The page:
Social media marketers should know by now that deleting of comments, especially negative ones, is a cardinal sin that will forever go into Google infamy. Chapstick, an American lip gloss, however, decided to test it out with fans - deleting negative comments about an awful advertisement which focuses a woman's other lips. 


Wrote Adweek

Blogger tries to reply on Facebook too. ChapStick deletes her comments. Others object to the image. ChapStick deletes their comments. ChapStick's ads with the line "Be heard at Facebook.com/ChapStick" start to look foolish. People keep commenting. ChapStick keeps deleting. People get angry. ChapStick gets worried. The image isn't even that big of a deal—it's ChapStick's reaction to the criticism that galls. "What asses," people say of ChapStick (get it?). People start commenting about why they can't see their old comments. ChapStick can't keep up with all the deleting. Comments are getting through, and they're nasty.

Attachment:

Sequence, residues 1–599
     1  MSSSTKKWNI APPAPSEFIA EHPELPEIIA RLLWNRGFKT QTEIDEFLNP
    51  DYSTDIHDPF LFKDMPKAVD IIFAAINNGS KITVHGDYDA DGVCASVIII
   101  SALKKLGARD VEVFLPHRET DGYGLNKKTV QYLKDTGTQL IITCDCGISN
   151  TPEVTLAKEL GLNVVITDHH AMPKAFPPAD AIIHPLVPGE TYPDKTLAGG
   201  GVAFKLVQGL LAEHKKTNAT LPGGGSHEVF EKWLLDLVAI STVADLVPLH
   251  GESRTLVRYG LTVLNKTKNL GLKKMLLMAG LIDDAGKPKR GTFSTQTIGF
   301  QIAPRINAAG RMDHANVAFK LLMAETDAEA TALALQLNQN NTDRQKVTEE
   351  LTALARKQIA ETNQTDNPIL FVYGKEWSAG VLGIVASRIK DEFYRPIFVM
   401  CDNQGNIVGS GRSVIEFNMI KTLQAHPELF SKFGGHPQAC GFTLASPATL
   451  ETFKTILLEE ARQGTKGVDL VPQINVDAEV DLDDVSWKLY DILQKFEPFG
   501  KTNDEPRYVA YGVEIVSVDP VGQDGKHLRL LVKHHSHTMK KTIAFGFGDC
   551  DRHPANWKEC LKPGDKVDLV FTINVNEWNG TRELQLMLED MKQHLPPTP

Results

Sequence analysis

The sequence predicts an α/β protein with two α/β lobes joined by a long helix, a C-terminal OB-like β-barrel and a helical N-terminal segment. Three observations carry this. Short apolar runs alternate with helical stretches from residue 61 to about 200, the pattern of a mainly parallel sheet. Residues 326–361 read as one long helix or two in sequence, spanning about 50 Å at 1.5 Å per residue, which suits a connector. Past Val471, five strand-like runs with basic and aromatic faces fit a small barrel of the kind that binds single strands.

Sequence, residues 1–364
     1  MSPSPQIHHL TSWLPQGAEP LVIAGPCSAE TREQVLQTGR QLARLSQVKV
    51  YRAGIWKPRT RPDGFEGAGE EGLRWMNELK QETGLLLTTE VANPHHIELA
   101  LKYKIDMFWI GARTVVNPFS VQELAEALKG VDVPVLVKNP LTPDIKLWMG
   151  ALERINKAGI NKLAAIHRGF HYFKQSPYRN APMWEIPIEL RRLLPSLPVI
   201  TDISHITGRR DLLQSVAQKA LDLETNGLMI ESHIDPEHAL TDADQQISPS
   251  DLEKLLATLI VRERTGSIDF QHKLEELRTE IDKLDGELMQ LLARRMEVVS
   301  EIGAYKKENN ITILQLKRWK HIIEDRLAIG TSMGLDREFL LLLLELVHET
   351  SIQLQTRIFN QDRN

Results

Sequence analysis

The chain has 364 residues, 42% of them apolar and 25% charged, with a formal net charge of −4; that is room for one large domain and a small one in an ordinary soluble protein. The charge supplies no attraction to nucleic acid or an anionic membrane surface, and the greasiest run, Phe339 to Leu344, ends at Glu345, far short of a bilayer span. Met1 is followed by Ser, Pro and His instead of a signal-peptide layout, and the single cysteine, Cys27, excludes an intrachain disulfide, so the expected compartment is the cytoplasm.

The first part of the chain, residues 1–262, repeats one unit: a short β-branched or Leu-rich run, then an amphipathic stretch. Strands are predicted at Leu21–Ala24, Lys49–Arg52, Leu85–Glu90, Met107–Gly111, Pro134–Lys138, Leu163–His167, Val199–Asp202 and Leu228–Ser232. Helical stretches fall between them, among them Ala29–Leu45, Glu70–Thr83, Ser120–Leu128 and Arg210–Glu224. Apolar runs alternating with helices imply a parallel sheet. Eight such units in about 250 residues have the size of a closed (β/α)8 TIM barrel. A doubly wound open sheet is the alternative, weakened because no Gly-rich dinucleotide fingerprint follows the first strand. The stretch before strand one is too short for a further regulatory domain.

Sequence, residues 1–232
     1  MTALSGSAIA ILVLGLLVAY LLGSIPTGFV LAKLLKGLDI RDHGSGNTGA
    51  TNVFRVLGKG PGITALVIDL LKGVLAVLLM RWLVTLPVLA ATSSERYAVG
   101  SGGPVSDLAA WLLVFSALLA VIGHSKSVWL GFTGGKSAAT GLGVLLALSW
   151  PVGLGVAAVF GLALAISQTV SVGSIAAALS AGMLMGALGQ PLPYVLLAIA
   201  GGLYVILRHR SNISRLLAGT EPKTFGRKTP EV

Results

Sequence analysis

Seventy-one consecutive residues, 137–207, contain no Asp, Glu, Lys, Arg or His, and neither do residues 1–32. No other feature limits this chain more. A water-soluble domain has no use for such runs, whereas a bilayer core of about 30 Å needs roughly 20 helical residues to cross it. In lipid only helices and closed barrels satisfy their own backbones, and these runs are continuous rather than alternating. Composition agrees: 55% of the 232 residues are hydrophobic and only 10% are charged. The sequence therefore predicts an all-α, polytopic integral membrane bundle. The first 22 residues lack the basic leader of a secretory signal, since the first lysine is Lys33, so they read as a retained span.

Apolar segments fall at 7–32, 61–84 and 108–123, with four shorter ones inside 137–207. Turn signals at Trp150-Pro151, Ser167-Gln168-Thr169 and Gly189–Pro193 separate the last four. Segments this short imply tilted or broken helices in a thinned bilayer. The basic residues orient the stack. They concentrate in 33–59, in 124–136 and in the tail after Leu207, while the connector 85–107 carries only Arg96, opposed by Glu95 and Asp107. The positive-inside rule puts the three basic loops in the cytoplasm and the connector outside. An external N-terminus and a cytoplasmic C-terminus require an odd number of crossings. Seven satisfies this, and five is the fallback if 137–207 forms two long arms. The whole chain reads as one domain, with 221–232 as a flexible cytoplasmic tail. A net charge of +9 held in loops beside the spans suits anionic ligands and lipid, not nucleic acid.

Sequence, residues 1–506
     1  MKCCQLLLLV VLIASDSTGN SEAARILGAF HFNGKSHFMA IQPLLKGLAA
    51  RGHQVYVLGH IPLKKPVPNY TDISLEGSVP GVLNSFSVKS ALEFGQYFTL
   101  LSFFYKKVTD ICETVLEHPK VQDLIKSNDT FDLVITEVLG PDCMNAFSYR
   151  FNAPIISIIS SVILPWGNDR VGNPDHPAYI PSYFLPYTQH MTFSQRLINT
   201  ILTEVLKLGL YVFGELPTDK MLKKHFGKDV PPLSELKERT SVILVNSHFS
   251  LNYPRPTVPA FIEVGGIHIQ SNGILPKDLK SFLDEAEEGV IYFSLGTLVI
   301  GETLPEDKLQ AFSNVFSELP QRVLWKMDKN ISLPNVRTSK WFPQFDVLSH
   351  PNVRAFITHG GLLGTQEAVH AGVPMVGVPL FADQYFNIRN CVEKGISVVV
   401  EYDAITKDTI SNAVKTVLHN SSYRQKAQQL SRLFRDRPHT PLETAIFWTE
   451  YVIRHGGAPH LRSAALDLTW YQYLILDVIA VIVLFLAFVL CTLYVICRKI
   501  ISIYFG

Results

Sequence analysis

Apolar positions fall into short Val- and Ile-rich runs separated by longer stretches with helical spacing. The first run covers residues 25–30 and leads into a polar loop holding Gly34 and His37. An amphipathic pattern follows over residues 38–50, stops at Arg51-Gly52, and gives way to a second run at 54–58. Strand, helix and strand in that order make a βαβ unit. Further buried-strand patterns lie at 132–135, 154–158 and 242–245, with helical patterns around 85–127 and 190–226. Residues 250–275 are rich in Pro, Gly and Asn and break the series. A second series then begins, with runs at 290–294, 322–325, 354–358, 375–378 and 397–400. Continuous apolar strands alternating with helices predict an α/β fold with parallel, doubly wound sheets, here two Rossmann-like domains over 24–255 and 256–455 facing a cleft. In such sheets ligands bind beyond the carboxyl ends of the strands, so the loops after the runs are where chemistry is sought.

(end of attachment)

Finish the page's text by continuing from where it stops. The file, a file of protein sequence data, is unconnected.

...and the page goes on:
Chapstick has since deleted the ad from the web site and apologised to their fans. 

The irony of this was that the campaign tagline was "Be heard at Facebook.com/Chapstick" but of course Chapstick only listens to the good things. 

The deletion of negative comments is like saying "no comments" as if there is something to hide. 

If Chapstick took the image earlier before deleting the comments, it would have avoided ending in bin of failed social media campaigns. 

Singapore blog-o-sphere was also recently up in arms against a TV advertisement that portrayed a fat woman being a loser because of her weight and weight lost being the solution.  


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